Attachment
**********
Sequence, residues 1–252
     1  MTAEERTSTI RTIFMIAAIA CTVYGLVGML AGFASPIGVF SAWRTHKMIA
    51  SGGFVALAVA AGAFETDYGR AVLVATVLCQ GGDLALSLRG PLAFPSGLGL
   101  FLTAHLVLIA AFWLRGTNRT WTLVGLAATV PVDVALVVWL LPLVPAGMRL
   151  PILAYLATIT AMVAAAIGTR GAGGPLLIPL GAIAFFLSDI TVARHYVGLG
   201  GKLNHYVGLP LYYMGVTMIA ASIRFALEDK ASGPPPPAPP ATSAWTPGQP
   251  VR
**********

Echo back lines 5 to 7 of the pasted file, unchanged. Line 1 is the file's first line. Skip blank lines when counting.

   151  PILAYLATIT AMVAAAIGTR GAGGPLLIPL GAIAFFLSDI TVARHYVGLG
   201  GKLNHYVGLP LYYMGVTMIA ASIRFALEDK ASGPPPPAPP ATSAWTPGQP
   251  VR